By Sue Briggs.
Effective management of health and safety in organisations is becoming an ever more important necessity regardless of the type of business. Developing a positive safety culture is essential and managers and employees alike are faced with the dilemma of whether to actively intervene or not.
Intervention: from the Latin intervenire meaning “to come between”; action taken to intentionally become involved in a difficult situation in order to improve it.
When we think of intervention in terms of Behavioural Safety, we usually think of a situation at the point of work where the danger is clear and present. One colleague preventing another from tripping over a cable, or stopping the job because the team hasn’t received a full briefing.
But we know that organisations are complex and risk is also introduced through decisions taken that are distant in both time and geography from the point of work. At meetings in boardrooms and offices as well as out on sites. Through planning, design, procurement and many other types of conversations.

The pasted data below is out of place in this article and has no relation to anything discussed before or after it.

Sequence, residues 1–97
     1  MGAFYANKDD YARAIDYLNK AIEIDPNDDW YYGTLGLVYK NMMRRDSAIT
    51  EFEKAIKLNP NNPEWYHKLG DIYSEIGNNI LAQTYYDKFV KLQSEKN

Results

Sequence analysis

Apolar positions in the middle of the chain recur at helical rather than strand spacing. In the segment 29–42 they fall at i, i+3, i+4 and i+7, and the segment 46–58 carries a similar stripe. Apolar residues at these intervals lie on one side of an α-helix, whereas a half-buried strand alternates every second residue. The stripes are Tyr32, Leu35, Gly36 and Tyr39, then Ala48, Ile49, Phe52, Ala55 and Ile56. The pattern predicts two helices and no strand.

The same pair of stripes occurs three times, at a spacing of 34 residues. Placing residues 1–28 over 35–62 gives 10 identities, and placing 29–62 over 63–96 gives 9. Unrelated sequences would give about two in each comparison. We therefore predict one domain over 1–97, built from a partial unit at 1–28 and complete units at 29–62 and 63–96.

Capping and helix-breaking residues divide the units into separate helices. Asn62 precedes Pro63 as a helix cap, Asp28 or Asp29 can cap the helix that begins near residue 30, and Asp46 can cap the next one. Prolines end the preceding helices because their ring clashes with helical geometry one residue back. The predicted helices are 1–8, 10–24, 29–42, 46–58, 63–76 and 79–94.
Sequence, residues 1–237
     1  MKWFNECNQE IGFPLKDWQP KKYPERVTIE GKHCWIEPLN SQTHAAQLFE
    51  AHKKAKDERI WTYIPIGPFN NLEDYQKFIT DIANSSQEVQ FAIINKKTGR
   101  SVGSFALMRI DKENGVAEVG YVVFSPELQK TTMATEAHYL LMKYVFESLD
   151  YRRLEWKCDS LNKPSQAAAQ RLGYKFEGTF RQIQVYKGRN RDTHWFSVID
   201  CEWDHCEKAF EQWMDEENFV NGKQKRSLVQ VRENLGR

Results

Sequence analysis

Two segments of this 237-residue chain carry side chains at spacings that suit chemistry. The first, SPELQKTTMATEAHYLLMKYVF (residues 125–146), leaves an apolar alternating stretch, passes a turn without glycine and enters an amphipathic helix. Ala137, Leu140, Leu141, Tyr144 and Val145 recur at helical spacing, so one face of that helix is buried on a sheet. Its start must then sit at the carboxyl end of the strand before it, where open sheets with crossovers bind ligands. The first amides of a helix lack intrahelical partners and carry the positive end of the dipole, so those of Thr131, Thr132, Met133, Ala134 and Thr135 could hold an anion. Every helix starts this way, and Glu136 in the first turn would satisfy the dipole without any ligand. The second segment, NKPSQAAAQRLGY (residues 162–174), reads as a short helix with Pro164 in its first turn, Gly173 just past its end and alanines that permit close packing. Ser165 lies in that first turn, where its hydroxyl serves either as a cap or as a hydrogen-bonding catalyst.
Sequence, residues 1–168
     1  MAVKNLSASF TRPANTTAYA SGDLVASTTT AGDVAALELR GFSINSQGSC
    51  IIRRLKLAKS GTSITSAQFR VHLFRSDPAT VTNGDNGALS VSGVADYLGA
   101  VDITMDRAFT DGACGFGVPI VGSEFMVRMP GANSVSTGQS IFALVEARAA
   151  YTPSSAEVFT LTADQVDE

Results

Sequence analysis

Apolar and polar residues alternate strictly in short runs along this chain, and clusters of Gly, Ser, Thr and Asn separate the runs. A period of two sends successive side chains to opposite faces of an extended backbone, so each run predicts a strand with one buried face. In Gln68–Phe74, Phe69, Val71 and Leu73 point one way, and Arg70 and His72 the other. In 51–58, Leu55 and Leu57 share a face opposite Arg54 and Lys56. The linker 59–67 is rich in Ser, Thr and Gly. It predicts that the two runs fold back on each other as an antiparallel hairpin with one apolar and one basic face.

If you ask people “why do we intervene”, they will answer “Because I could see what could go wrong and I wanted to stop it”. So far, so clear and applies across all contexts. But if you ask “why don’t we intervene?” it gets trickier.
There is a psychological process that we need to follow to actively intervene, and this applies to senior leadership decision-making as much as frontline supervision.
* You have to notice that something is happening
* You have to see that there is a risk
* You have to take personal responsibility – see it as your problem
*You have decide what you are going to do
* And then you have to do it
At any point through this process we can be derailed by a range of factors:
* Who else is in the room
* The pressure we or they are under to deliver
* Shifting priorities
* Fear of consequences
* We don’t know what to do
* We lack the skills to intervene effectively
* We may not see it as our problem “what does finance have to do with safety?”
* Complacency “it’ll be fine”
A positive Safety Culture is one in which intervention at any level is not only welcomed, it is actively sought out and rewarded by Leaders. Where the barriers to intervention are openly recognised. No matter where you work.